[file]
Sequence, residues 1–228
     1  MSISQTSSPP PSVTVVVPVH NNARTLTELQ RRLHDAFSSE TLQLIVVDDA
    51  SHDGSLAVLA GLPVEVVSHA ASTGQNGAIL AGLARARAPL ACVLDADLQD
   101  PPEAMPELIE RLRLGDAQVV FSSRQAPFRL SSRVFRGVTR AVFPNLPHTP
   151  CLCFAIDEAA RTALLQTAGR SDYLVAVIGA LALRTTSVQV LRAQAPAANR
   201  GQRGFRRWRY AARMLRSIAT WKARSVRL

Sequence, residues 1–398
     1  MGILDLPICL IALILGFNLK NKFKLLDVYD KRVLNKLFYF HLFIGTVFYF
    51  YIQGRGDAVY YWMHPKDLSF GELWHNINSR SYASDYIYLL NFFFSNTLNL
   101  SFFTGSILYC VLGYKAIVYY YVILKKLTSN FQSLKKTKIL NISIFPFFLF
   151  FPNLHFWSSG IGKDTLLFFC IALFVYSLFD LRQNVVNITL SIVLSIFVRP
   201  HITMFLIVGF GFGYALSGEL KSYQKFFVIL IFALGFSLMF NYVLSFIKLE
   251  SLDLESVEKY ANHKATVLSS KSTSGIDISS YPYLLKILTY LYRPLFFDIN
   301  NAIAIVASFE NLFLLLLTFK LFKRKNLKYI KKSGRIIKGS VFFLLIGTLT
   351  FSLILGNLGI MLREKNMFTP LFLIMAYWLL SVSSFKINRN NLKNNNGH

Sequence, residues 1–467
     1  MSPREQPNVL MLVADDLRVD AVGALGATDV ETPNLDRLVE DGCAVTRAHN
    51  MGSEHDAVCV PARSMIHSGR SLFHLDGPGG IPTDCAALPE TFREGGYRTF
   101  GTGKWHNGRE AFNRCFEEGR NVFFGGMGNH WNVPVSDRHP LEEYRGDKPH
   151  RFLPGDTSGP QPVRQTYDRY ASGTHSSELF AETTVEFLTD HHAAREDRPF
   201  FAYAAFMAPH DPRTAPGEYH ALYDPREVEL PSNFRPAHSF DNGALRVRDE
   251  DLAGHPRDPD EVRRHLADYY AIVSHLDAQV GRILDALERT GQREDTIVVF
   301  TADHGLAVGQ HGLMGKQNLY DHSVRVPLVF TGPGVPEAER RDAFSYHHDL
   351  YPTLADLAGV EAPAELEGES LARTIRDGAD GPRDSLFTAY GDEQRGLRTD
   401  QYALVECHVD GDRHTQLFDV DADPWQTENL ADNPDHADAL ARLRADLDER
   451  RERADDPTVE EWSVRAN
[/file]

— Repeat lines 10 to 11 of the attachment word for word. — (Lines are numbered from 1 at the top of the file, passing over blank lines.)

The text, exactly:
   101  SFFTGSILYC VLGYKAIVYY YVILKKLTSN FQSLKKTKIL NISIFPFFLF
   151  FPNLHFWSSG IGKDTLLFFC IALFVYSLFD LRQNVVNITL SIVLSIFVRP